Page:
The Criterion Collection gives us Satyajit Ray’s fascinating Devi, and from Powerhouse Indicator we’re looking at Midway and Macarthur. Midway is one that I want to give another chance — I once saw a trailer for that thing in Sensurround, and it nearly deafened me. Also can’t leave out Arrow’s Legend and Deep Red 4K, and Viavision [Imprint] Television’s massive box of Space: 1999, The Complete Series Ultimate Edition.
That’s what’s presently in hand; here’s what’s expected momentarily, or soon, or who knows? If The Film Detective’s Frankenstein’s Daughter arrives it might get the last open review slot before Halloween; the same goes for Severin Films’ coveted An Angel for Satan with Barbara Steele. Expected from overseas are a brace of desirable Viavision [Imprint] September titles, which include two different films of The Browning Version; A Reflection of Fear, Ned Kelly, The Assassination Bureau (Oliver Reed, Diana Rigg, Telly Savalas!) and a gift box with all three Harry Palmer spy adventures: The Ipcress File, Funeral in Berlin, and Billion Dollar Brain.
Flicker Alley has three interesting items: a quaduple bill of Call it Murder, Back Page, Woman in the Dark and The Crime of Dr. Crespi called ‘In the Shadow of Hollywood’, plus two Argentinian Noirs restored by The Film Noir Foundation, The Beast Must Die (La bestia debe morir) and The Bitter Stems (Los Tallos Amargos). A little later will come the release of Flicker Alley’s Cinema of Discovery: Julien Duvivier in the 1920s silent film collection. I’ll look to friend and scholar Allan Peach for help with that one.
Paramount has come through lately with screeners; should copies be freed up we’re on tap for some attractive 4K items: The Addams Family 4K, Scream 4K, and later on, It’s a Wonderful Life 4K and Reds 4K.
Criterion promises a new restoration of La Strada, Mulholland Dr. 4K, Once Upon a Time in China, Menace to Society and Citizen Kane 4K. And I have my eye on KL Studio Classics’ Invasion of the Body Snatchers ’78 4K and the noir classics The Accused, Among the Living, Deported and the poetic Night Has a Thousand Eyes. Through Kino, The Cohen Collection also has a CineSavant favorite coming up, The Deceivers with Pierce Brosnan.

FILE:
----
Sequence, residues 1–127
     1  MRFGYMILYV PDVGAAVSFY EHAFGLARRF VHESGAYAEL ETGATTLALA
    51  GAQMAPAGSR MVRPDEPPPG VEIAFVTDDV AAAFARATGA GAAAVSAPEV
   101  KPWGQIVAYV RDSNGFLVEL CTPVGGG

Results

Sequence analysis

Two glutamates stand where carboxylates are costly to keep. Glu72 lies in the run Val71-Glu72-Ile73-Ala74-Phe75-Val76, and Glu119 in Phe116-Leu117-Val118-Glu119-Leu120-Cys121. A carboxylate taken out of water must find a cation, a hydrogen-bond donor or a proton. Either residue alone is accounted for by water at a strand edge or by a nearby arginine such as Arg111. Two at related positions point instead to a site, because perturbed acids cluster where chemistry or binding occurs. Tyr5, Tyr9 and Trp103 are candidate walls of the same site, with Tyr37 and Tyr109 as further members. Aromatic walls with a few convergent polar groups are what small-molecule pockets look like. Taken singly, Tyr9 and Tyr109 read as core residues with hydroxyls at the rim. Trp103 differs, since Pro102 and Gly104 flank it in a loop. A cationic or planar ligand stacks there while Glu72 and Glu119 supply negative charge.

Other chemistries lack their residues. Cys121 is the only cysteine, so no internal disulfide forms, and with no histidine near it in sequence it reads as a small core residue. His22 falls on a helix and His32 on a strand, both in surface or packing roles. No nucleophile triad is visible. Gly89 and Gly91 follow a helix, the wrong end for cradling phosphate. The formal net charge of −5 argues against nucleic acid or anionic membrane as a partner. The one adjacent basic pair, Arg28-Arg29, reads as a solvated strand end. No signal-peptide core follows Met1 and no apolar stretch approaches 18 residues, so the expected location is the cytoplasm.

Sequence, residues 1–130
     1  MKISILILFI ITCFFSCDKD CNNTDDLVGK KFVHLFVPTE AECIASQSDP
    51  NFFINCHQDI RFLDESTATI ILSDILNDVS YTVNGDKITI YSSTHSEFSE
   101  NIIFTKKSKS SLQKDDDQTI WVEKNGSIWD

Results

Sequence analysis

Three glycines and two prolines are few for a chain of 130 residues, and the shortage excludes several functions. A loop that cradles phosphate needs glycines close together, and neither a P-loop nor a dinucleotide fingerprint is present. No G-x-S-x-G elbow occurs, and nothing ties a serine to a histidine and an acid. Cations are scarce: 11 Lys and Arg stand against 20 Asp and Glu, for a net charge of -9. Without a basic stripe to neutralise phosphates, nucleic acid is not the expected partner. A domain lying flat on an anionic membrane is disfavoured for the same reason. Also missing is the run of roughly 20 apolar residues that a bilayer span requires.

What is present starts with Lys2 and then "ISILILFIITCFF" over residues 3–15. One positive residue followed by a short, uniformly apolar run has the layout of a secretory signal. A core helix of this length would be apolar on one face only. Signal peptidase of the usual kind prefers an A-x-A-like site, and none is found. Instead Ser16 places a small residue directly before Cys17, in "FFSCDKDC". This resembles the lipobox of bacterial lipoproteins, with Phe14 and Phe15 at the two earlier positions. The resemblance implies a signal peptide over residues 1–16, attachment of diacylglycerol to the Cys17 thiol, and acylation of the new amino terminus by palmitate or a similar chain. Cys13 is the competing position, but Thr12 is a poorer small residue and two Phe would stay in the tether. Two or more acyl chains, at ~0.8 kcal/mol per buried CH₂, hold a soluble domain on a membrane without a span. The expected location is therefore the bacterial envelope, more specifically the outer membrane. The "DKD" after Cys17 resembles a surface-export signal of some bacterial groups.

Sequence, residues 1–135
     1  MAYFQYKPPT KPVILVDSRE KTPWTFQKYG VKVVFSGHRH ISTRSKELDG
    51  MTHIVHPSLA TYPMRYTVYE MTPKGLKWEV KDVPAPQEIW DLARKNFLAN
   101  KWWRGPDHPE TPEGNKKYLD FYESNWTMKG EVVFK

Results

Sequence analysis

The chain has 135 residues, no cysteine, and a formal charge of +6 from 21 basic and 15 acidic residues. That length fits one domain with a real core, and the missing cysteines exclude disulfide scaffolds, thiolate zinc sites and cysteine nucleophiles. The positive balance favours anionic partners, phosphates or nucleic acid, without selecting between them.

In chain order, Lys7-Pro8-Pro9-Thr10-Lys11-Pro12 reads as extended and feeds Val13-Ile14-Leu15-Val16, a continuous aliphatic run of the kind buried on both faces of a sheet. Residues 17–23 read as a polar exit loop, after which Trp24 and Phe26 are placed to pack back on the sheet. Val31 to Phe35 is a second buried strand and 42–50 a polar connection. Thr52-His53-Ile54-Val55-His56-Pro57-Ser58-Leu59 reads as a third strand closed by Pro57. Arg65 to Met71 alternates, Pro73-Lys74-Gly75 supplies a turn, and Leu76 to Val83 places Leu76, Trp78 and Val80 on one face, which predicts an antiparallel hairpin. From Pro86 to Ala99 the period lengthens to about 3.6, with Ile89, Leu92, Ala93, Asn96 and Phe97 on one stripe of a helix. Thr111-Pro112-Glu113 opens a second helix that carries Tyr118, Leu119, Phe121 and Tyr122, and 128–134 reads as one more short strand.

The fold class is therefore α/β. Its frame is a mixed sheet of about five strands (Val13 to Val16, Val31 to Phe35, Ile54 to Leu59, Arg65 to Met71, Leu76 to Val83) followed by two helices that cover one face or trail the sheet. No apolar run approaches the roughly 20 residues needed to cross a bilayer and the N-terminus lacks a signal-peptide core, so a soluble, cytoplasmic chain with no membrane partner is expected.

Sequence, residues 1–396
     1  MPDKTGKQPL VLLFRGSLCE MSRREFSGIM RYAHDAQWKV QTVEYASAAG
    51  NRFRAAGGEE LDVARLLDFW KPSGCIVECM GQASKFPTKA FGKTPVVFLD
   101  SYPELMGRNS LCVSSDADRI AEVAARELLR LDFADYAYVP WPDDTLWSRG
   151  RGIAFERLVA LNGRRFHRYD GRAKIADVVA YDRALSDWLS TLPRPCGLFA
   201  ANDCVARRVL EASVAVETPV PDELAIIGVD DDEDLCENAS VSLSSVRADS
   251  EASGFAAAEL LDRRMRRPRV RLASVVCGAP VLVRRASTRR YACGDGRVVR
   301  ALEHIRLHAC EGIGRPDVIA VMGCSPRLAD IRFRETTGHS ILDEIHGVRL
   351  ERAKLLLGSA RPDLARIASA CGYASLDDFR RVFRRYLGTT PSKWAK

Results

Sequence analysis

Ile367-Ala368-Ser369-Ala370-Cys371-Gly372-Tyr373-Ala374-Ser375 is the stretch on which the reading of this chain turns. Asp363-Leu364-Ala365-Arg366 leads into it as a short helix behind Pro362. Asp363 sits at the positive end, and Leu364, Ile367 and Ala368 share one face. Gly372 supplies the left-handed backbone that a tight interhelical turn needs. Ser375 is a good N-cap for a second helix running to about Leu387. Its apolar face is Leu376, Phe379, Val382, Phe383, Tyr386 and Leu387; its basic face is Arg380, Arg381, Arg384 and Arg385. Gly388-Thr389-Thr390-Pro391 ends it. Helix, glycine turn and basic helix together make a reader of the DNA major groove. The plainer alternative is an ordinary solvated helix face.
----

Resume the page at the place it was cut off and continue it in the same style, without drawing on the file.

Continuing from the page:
That’s a lot of discs to sort out — we don’t necessarily receive all of them, so we’ll do our best to give proper coverage!
Thanks for reading! — Glenn Erickson
High Sierra + Colorado Territory 10/23/21
An old favorite receives a quality restoration: Raoul Walsh, John Huston, W.R. Burnett and actress Ida Lupino launch Humphrey Bogart as an A-list star deemed strong enough to carry romantic leads. Bogart’s gangster Roy Earle is a classic anti-hero; audiences in 1941 surely thought the film’s play with wrongdoing and heroism was edgy material. Lupino’s loser-turned-lover is a dynamite asset for a man on the run, and the sentimental touches don’t mar the spectacular finale: this all-American bandit meets his end on a California peak, not a dirty urban gutter. A second disc carries the full feature Colorado Territory, a remake/transposition of the Bogie classic into an excellent western with Joel McCrea and Virginia Mayo. On Blu-ray from The Criterion Collection.
Say Amen, Somebody 10/23/21
Talk about raising the roof with song — George Nierenberg’s documentary is still considered the best on gospel music. Made in the early 1980’s, the show caught the greats of decades past, now happy to describe the history and future of their work: Thomas A. Dorsey, Mother Willie Mae Ford Smith. The testimony of singers and groups just getting established is good as well, but of course it’s the spirit-raising performances — here caught as never before — that make the show unforgettable. Milestone includes outtakes, interviews and input from the director. On Blu-ray from The Milestone Cinematheque.